NBCU's $100 Million Gamble on Syfy's 'Defiance'
Syfy Renews 'Defiance' for Second Season
This story first appeared in the April 26 issue of The Hollywood Reporter magazine.
Syfy is welcoming a two-headed baby into the world. The NBCUniversal-owned network in April is launching Defiance, a risky experiment in transmedia that pairs the most expensive series in the cable net's history with an equally pricey massively multiplayer online (MMO) video game. Each can be enjoyed on its own, but NBCU, which has invested close to $100 million in Defiance, needs both sci-fi fans and gamers -- two fickle groups -- to show up in big numbers to justify the expense.
"No one's ever attempted this before," says Syfy president Dave Howe. "It's been a big learning curve for us, as you can imagine."
Defiance took shape in 2008 when Peacock Equity Fund, an NBCU venture focused on digital startups, bought a stake in Trion Worlds, makers of a popular MMO called Rift. Syfy, which has sought to become a genre player since its 2009 rebrand, was a logical place to launch a synergistic effort, and after several false starts, the project -- a postapocalyptic Western set 30 years after seven alien races land on Earth -- was born.
If the experiment pays off, each element will fuel interest in the other; conversely, if either side proves lackluster, it runs the risk of tarnishing the brand's other half. "Even if the show is awesome, it's hard to get these games right," says gaming analyst Jeremy Miller. Case in point: 2011's Star Wars: The Old Republic, a $200 million MMO, was forced to waive its subscription fees after players abandoned it in droves.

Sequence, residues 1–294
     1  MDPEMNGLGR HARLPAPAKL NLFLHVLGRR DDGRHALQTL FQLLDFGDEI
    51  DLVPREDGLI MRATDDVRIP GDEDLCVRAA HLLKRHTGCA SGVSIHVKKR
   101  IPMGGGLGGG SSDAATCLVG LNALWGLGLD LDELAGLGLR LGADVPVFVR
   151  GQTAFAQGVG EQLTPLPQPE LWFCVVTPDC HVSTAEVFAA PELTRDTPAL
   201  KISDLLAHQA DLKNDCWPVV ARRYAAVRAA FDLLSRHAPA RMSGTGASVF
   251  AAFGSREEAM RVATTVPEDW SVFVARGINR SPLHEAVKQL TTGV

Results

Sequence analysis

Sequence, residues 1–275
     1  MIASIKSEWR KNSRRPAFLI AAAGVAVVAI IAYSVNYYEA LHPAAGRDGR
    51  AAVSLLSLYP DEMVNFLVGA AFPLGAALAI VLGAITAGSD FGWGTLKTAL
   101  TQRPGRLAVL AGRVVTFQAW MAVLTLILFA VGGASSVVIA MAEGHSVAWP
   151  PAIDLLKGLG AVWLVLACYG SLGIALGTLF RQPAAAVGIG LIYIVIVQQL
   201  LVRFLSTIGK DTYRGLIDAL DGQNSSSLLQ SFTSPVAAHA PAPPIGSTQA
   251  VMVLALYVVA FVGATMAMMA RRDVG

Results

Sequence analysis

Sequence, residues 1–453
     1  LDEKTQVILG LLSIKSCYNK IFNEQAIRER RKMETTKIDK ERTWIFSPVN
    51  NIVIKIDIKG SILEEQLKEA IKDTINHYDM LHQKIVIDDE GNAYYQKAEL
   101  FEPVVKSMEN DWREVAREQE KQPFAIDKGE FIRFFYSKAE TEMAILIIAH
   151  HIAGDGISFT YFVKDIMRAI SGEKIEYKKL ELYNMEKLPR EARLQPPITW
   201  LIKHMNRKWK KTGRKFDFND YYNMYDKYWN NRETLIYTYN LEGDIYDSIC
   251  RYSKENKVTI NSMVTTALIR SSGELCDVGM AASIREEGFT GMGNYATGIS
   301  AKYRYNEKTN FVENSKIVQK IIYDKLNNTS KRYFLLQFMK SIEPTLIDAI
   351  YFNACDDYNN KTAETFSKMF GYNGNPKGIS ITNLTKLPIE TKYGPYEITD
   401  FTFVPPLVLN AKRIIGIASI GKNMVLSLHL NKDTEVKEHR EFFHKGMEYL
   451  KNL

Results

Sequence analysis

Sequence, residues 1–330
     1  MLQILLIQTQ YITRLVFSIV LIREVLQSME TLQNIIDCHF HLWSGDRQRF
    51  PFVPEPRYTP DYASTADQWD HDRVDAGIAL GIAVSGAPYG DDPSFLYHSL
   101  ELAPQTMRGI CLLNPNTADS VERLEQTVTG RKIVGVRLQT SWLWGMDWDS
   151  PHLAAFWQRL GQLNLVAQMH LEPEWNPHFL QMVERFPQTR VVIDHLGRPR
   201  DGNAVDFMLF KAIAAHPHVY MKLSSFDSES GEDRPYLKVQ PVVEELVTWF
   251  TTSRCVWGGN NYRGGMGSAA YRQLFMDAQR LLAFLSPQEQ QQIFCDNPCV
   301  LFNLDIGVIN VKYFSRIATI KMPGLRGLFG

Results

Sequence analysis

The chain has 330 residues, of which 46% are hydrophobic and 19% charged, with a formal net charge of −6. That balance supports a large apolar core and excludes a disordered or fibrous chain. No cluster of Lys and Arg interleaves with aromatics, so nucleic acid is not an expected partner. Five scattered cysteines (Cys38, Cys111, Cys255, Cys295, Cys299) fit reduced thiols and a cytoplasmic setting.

Defiance isn't quite that pricey -- the game cost about $60 million to make and market, which NBCU split with Trion. But it still needs to sell millions of units, priced at $60 each (which includes a lifetime subscription), to break even. Not helping matters: The game's April 2 launch was glitchy, with long lag times and frequent server crashes, prompting Trion to post a message online assuring users that fixes were on the way.
Then there's the TV play. With no major stars -- Defiance's most recognizable faces are Julie Benz (Dexter) and Grant Bowler (Lifetime's Liz & Dick) -- the 13-episode series, which debuts April 15, is relying on big marketing and a Monday night pairing with Warehouse 13, Syfy's most popular show. Howe won't reveal ratings targets, but it's clear he needs numbers closer to AMC's The Walking Dead than recent Syfy efforts Alphas and Eureka.
Howe says Defiance will be given time to succeed. "Steve Burke is a big cheerleader of this," he says of the CEO of NBCU, whose parent company is Comcast. "This project makes sense in the marriage of content and distribution. The game is obviously broadband-hungry, which from Comcast's perspective makes total sense for their broadband business."